The quest for a scientific tête-à-tête between Barack Obama and Mitt Romney continues.

On Thursday, 15 top science and engineering organizations, from the American Organization for the Advancement of Science to the Union of Concerned Scientists, released a list of 14 questions that they would like the presidential candidates to answer, preferably in a televised debate.

The group was organized by the nonprofit science advocacy organization ScienceDebate.org, which launched during the 2008 race in order to press Obama and his then challenger into a parley about scientific matters of national significance. Although over 38,000 scientists, politicians, journalists, and other supporters signed the call, the debate didn’t happen, but Obama and US Sen. John McCain did provide written responses, with a useful amount of detail, to that year’s list of 14 questions.

This year’s list—again crafted from suggestions from thousands of scientists, engineers, and others—hasn’t changed much. Questions about: the role of science and technology in innovation and the economy, climate change, energy, education, pandemics and biodiversity, ocean health, water, space, public health, and federal support for basic research remain basically the same as the last go-round. Questions about critical natural resources, the Internet, and food safety replaced ones about national security, genetics research, and stem cells. And a question about scientific integrity was reworked into a question about science in public policy.

“I don’t think the shift reflects changing priorities among scientists as much as it reflects changing views of which areas of focus are most important for the wellbeing of the nation,” Shawn Lawrence Otto, an author and filmmaker as well as co-founder and CEO of ScienceDebate.org, said of the new question topics.

The questions are not listed in order of importance, with exception of the first three—innovation and the economy, climate change, and research support—Otto added. “The economy is top of mind, and climate change is existential in some ways, with broad economic, environmental, and foreign policy implication,” he said. “Research is the driver of the future.”

Scientific American signed on as ScienceDebate.org’s media partner and will run the full answers to the candidates’ questions on its website as soon as they are available, according to editor in chief Mariette DiChristina (Otto had to “pester the campaigns constantly” in 2008, he said). The November issue of the magazine will then feature a companion story about the underlying issues and, if deadlines allow, a summary of the answers with a grade on each.

In a blog post explaining Scientific American’s decision to join the push for a science debate, senior editor Christine Gorman wrote:

If you look beyond the made-up controversies that seem to dominate political discussion these days to the real issues—the real challenges, threats and opportunities that the U.S. faces today, tomorrow and for the rest of the century—you’ll find that most of them require a better grasp of some key scientific question or research field.

… as informed citizens, we need to know how the presidential candidates expect to address the basic scientific issues that are so vital to our country’s and our planet’s future—and that their policies will be based on sound science.

Unlike in 2008, however, ScienceDebate.org is looking beyond the White House, and picked out a subset of eight questions for Congress as well. Scientific American will contact majority and minority leaders of the House and Senate, as well as the chairs and ranking members of key committees that have a responsibility in areas like energy, climate, water, the Internet, and commerce to seek answers.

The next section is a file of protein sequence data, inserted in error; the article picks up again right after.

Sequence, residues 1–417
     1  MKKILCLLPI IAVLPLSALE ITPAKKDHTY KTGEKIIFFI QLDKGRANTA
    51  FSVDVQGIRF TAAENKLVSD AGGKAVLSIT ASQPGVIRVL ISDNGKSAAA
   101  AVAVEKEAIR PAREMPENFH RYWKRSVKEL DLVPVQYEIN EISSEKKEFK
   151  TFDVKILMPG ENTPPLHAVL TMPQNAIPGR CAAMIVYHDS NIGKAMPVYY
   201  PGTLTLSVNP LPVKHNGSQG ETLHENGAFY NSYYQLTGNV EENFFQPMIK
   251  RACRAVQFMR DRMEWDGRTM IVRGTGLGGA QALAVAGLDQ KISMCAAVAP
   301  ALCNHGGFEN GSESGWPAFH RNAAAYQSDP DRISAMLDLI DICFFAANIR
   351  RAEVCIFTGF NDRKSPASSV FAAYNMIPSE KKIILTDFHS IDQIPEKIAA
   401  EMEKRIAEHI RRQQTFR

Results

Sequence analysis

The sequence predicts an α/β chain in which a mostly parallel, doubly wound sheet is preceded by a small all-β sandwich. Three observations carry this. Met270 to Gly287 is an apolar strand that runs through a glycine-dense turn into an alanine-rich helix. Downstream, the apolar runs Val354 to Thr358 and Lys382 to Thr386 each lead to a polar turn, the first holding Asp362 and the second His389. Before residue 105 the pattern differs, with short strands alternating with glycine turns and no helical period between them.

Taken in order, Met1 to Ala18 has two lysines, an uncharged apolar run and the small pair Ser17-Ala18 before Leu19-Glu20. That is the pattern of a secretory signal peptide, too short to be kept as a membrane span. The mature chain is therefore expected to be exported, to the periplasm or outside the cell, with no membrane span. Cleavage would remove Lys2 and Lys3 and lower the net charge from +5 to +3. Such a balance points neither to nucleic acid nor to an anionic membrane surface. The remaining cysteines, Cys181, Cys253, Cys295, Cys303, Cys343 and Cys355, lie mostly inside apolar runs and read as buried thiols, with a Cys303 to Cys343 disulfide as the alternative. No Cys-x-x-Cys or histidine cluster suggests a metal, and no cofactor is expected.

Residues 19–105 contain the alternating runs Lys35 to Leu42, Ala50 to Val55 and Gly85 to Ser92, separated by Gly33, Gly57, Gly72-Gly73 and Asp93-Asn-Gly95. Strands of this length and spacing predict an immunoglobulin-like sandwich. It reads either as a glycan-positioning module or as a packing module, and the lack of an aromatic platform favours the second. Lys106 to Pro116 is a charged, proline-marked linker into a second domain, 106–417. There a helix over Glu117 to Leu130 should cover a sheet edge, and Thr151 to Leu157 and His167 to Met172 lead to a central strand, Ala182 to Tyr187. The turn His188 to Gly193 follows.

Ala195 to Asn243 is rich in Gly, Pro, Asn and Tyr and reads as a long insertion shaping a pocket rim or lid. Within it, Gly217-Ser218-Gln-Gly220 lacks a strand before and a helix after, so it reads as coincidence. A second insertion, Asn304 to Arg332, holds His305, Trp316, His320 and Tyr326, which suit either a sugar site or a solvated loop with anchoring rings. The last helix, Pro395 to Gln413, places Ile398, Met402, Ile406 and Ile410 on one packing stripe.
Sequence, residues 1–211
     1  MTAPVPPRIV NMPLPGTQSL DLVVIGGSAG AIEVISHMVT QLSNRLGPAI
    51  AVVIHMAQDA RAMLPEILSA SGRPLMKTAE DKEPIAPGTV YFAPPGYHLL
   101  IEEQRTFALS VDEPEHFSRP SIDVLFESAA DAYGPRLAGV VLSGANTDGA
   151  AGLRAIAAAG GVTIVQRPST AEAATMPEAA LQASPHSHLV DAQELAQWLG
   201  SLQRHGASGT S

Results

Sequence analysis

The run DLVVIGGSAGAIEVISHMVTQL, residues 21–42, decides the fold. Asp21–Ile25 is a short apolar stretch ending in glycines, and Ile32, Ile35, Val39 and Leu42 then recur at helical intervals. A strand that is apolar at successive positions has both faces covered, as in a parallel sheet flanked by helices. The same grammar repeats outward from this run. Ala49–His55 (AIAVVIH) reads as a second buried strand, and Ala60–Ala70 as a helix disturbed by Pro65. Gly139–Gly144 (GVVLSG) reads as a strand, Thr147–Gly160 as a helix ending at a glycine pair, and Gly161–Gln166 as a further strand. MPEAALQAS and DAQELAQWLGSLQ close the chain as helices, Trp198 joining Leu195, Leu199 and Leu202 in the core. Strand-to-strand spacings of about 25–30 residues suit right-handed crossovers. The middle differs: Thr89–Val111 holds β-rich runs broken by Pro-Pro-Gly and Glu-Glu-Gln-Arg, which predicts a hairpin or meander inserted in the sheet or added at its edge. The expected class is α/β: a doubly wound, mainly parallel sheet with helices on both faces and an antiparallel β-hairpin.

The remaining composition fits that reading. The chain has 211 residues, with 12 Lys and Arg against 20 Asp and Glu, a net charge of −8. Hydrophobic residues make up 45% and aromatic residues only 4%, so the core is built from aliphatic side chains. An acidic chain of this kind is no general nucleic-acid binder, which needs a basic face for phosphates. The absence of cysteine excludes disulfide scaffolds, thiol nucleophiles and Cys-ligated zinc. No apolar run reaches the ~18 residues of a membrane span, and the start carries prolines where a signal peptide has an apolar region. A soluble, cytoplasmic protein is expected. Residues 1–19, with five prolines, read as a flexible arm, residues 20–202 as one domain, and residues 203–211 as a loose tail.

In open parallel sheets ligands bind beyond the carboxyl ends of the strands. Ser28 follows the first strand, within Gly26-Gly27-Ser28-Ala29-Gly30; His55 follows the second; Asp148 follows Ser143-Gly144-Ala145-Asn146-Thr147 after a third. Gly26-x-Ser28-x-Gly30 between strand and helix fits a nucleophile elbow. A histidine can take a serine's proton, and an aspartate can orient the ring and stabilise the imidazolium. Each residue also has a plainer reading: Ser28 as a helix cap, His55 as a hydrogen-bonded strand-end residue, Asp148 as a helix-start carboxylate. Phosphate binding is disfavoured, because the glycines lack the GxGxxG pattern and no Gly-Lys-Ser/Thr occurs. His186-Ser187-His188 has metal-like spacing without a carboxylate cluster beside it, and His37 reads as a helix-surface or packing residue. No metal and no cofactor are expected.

“We are looking to build enthusiasm for the idea that sound science should be just as much a factor when considering who to vote for or how to govern as sound economic, foreign affairs or educational policy,” Gorman said.

Beyond SciAm’s partnership with ScienceDebate.org, the push for candidates to discuss their science stances has received limited media attention. NBCNews.com, NPR’s Science Friday, and Audubon Magazine have all interviewed Otto in recent months. And USA Today’s Dan Vergano wrote a short blog post about a nationwide poll in April organized by ScienceDebate.org, which found that 85 percent of respondents wanted the candidates to debate science-related issues “such as healthcare, climate change, energy, education, innovation and the economy.”

In general, however, Otto thinks the news media has not done enough to press the candidates to explain their positions on important scientific issues, citing cutbacks in science reporting, understaffed newsrooms under deadline pressure, and a trend toward repackaging canned content.

“Then there’s the presumption by many in the media that the public isn’t interested,” Otto added. “Our polling shows this is absolutely false. This is likely selection bias by reporters, editors, and news directors, many of whose last science class was likely high school chemistry, and who likely avoided science in college. They often presume the public shares their views. But in a science-driven global society and economy, the media is the missing link in helping the people remain well informed about these critical issues that affect our lives.”

Otto’s words should be a reminder to journalists nationwide. Even if ScienceDebate.org’s dream comes true, and the candidates go head-to-head over science and engineering on national TV, reporters everywhere need to make these issues part of their daily coverage of the presidential and Congressional campaigns.

 

Curtis Brainard is the editor of The Observatory, CJR's online critique of science and environment reporting. Follow him on Twitter @cbrainard.